A roadside bomb killed eight people in Balkh province on Wednesday. The Taliban is probably to blame. The group also killed eight police officers in an attack on a checkpoint in Herat province.
Perhaps taking their cue from the way the Saudis are dealing with Canada, the Bangladeshi government is demanding that the US embassy retract a statement it made over the weekend criticizing Bangladeshi authorities’ violent crackdown against student protesters in Dhaka. For some reason I don’t think they have the leverage to pull this kind of maneuver off, but we’ll see.
Bangladeshi journalist and activist Shahidul Alam, who was arrested on Sunday in connection with the student protest movement, is saying that he’s been tortured in custody. Alam was taken to the hospital by court order on Wednesday but was later returned to custody. He’s being detained under a law that criminalizes criticism of state authorities. Sounds like a really cool law.
The United Nations said on Wednesday that it’s still waiting for Myanmar to take steps to guarantee the safety of Rohingya refugees and to allow international aid workers access to Rakhine state before it will begin repatriating those refugees from Bangladesh. These are all steps that the Myanmar government has already agreed to take.
Philippine authorities killed two suspected terrorist bomb couriers in North Cotabato province on Wednesday. Both are believed to have been members of the ISIS-friendly Bangsamoro Islamic Freedom Fighters group. They were carrying an improvised explosive device with a remote detonator attached.
Beijing has responded to new US tariffs on $16 billion worth of Chinese goods with its own new tariffs on $16 billion worth of US goods. The Trump administration is considering further escalations, just in case you were wondering.
The justification for all these US tariffs–that China is “cheating” economically via state support of its companies–may be a fair point. But historian Jake Werner argues that China has had to cheat because the game it’s playing–how to develop a modern economy in the age of globalization–is itself already rigged. He suggests that the solution isn’t protectionism, but an effort to strengthen the rules that govern global trade:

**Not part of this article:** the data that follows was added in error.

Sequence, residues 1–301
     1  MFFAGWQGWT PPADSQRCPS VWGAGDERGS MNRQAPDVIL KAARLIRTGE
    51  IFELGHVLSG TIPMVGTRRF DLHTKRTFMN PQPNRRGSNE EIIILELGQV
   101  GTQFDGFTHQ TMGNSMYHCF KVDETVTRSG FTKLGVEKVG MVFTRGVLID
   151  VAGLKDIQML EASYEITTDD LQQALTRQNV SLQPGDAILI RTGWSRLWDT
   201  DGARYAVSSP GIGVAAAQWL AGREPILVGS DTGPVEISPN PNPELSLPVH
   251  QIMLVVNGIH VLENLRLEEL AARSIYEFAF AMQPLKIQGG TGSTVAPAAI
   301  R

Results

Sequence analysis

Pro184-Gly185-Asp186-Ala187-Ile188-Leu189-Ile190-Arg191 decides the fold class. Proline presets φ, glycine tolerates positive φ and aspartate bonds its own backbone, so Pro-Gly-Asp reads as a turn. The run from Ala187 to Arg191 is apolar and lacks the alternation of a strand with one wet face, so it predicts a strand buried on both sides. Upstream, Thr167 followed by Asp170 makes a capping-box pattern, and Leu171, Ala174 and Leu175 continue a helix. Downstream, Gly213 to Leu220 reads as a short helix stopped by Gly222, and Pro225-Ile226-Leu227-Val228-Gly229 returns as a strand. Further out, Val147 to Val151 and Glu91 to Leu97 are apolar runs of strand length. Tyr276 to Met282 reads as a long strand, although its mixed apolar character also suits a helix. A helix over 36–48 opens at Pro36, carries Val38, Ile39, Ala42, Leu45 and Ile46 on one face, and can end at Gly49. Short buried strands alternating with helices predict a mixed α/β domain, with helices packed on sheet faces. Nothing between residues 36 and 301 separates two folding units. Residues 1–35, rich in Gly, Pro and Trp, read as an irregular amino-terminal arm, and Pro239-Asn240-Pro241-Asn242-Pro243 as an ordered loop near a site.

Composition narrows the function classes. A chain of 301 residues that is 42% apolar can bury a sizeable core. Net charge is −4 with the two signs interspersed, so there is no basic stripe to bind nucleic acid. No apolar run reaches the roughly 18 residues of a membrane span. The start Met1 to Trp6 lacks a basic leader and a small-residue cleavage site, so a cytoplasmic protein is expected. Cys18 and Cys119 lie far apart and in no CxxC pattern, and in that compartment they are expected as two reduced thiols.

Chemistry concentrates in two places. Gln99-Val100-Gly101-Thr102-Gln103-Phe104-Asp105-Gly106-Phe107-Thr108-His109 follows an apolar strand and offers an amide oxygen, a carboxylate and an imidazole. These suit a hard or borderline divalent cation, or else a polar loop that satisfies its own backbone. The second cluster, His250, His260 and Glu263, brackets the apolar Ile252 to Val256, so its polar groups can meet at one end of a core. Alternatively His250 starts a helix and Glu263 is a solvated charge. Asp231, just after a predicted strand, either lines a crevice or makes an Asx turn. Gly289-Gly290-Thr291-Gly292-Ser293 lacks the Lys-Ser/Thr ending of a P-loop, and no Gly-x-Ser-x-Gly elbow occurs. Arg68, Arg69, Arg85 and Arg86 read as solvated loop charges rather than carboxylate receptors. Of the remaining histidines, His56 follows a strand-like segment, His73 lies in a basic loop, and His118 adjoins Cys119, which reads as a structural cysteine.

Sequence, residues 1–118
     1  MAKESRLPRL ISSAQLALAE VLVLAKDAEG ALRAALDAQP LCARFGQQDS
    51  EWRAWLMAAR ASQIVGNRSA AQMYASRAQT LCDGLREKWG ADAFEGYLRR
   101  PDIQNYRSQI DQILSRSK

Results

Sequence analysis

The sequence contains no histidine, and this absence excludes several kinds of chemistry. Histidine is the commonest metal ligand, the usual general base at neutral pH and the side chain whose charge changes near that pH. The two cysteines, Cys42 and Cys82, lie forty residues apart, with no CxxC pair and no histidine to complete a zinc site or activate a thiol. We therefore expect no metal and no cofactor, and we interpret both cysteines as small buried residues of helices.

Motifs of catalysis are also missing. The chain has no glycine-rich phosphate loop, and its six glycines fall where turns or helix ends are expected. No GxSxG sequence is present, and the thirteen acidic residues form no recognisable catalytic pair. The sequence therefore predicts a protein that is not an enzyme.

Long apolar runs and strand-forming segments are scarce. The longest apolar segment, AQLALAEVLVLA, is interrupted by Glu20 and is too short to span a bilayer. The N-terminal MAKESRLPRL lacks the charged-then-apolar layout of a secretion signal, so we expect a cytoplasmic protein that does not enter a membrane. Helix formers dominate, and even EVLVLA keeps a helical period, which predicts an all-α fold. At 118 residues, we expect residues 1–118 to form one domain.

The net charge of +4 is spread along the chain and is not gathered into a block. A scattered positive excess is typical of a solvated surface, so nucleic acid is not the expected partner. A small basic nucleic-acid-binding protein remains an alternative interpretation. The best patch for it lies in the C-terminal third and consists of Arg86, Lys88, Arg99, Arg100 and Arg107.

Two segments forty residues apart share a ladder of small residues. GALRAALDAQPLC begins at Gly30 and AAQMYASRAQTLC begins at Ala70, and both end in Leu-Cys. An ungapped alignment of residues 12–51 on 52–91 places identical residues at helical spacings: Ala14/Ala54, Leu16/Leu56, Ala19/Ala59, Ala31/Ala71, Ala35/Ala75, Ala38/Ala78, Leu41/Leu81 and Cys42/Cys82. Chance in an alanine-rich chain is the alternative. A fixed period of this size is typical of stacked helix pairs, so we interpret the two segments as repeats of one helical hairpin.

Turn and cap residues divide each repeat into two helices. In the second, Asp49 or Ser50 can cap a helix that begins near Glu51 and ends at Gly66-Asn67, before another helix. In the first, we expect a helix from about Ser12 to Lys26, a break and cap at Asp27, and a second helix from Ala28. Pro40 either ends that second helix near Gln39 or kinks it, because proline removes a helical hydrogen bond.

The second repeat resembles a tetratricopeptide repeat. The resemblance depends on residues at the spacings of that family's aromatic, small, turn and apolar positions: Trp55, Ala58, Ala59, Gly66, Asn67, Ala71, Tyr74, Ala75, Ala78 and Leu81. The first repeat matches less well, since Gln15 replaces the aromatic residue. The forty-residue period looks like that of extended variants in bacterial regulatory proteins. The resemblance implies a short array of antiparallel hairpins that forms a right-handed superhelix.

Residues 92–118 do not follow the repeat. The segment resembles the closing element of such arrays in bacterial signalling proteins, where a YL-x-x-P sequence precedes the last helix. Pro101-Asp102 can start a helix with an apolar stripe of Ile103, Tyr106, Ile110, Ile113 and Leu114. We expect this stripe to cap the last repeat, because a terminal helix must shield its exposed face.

Overcapacity is a real issue, as is the tough competition that China’s planned development of high-tech production may pose for the most dynamic sectors of the U.S. economy. But rather than blocking development in China, a new form of globalization could attack these problems by raising wages and productivity around the world. The nationalist approach tries to limit competition by restricting supply, while the alternative would address overcapacity and limited markets by expanding demand.
But such a solution requires a far deeper rethinking of global growth than politicians on either left or right have contemplated. It requires an end to the race to the bottom: a global regime of labor rights that would distribute the gains from growth more broadly and, at the same time, force corporations to compete by investing in their workers rather than by degrading the conditions of employment. It also requires significant investments in the billions of people currently starved of capital—investments that the free market has refused to make—that would transform those trapped in the slums, the ghettos, and impoverished rural areas into the workers and consumers of tomorrow.
Vox is reporting that Secretary of State Mike Pompeo has presented the North Koreans with a denuclearization timeline under which Pyongyang would turn over 60-70 percent of its nuclear arsenal within 6-8 months. And not just once, but over and over again over the past couple of months. They’ve apparently told him to get bent each time, even though Pompeo’s offer is at least closer to the kind of phased denuclearization-reward process the North Koreans have said they want to see. The goal, according to Vox’s Alex Ward, isn’t really to get North Korea on a firm timeframe, but just to get them to admit how many warheads they have. One concern here is that North Korea might simply squirrel away some warheads while claiming to have completely disarmed, and the US would really have no way to tell.